In April 2010, I tested positive for the BRCA2 mutation. I am a mammogram technologist so I have seen firsthand the devastation that breast cancer can<br
cause. I have seen patients undergo surgery, radiation therapy and chemotherapy – all in a short span of time. I have witnessed how tough that was, so when<br
I tested positive I knew I was going to be proactive. Preventative surgery was the right route for me, absolutely.

Before I go into my surgery experience, perhaps I should give a quick background so that my mindset is a little easier to understand. I graduated high
school at age seventeen. Four days later, I started college, graduated at nineteen and was working full time before I graduated. I was married at age
twenty. I have been married for almost fifteen years to my high school sweetheart. He is serving Active Duty in the Air Force and has been for our entire
marriage. We have survived five deployments together, one of which was three weeks after our youngest daughter was born. I have learned to change car
batteries, unclog pipes, fix lawn mowers, and countless other things. I am the person other people call when they need help. I currently work full-time,&l
and I am also enrolled in college online to obtain my B.S. in Healthcare Administration. In addition, I have two girls that my husband and I adore. My
first ever race was the Ragnar Relay. I AM TOUGH!!!!! ….. or so I thought.

In December of 2010, I had a hysterectomy. I went in on a Thursday and was able to have it done laparoscopically. I went home on a Friday, and was shopping
on the following Saturday. I knew that skin/nipple sparing mastectomies were not going to be quite as easy, but I still thought that I would get through it
with flying colors. But, right before I went into surgery, I had a surge of emotions. I didn’t expect that. I thought I had made peace with having the
surgery and that was that. Still, there is something very emotional about letting go of one of the most basic things that define you as a woman. After
surgery, there was also more pain then I had imagined. Throw in a little post-anesthesia nausea and I ended up with a two-night hospital stay. This was not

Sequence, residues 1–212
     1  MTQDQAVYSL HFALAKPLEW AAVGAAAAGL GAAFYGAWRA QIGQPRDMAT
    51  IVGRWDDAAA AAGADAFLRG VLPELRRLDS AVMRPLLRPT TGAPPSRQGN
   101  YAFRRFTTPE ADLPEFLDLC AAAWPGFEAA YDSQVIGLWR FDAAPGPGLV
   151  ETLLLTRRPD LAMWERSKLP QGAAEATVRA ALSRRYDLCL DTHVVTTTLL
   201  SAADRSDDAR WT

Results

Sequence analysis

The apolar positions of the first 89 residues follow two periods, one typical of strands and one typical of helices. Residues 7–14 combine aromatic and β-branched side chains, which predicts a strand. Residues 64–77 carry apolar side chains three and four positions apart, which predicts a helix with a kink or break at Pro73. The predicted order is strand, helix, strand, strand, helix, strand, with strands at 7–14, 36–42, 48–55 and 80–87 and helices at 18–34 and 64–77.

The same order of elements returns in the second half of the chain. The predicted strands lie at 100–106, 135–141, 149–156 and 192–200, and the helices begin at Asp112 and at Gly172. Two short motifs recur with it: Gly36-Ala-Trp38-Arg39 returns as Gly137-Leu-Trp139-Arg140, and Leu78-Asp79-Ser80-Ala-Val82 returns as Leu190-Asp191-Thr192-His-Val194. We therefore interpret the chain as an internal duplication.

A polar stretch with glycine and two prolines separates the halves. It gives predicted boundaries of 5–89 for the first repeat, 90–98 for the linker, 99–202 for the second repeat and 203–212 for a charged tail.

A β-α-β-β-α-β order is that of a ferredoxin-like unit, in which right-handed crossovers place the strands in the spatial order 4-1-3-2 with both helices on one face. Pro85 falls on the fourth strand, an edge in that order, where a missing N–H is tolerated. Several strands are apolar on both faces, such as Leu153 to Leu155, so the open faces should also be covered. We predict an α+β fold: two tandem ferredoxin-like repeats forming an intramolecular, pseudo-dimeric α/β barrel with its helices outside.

in my plans. After I got home, I had four drains from the surgery to contend with. One of those drains was directly on my incision and every wrong move
almost brought me t o my knees. I did my best to relax and take it easy. I had amazing support from my family and friends. But it’s just against my nature
to be still for very long and I struggled with the inactivity.

Finally, three weeks after the surgery, all the drains were removed, so back to work I went. It was time to start the reconstruction process. I have tissue
expanders and I am going through the process of gradually having them filled with saline to get to the size I want to be. This is done on a weekly basis.
Once this is accomplished, there will be a second surgery to replace the expanders with implants. I sailed through the first expansion. It was easy breezy
and I was looking good! Of course, as you might guess from above, I was charging ahead full-steam and getting the maximum amount of fluid each time. The
second time I had the filling, it was tougher. I was uncomfortable. My chest felt tight, I got pretty sore, and I couldn’t sleep in any position but on my
back. I hate sleeping on my back! In my last expansion, I again charged ahead with the full amount of fluid. This time the pain did bring me to my
knees, literally. It felt like a 400-pound weight was on my chest and something was trying to rip my pectoralis muscle from my chest. For three days, I was
unsure if I could keep going with the whole process. I was exhausted, physically and emotionally. I was also discouraged and tired of being strong. So I
did what perhaps I needed to do from the beginning, I lost it. I sat down and cried.

My husband was amazing! He let me get it all out and then said all of the right things. He told me that, if I was done with the process, I was beautiful
and he loved me no matter what. He also said to slow down, let go of always having to be full-speed ahead, and to take things as they came. I will go for
my next expansion soon and I am going to have half the amount I did last time and see how it goes. This isn’t a sprint. However long it takes me to
complete this journey is okay with me.

I got the news that all of the pathology was clear: no cancer or even atypical cells. My risk of breast and ovarian cancer that felt like a sure thing is
now reduced to being very minimal. Knowing what I know now, I don’t regret my decision one bit. I am glad that I made the decision to be
proactive. The only thing I would have changed is that I would have realized early on that I am human. I wasn’t born with an “S” on my chest. I would have
taken things a little more slowly and accepted that the process was going to take time. But peace of mind is priceless. This journey, even though it has
been tough, has given me far more than it has cost me. For that, I am forever grateful!

Myriad Genetics at J.P. Morgan Healthcare Conference

Paul J. Diaz, president and chief executive officer, Bryan Riggsbee, chief financial officer, and Dale Muzzey, chief scientific officer, presented at the 41st annual J.P. Morgan (JPM) Healthcare Conference.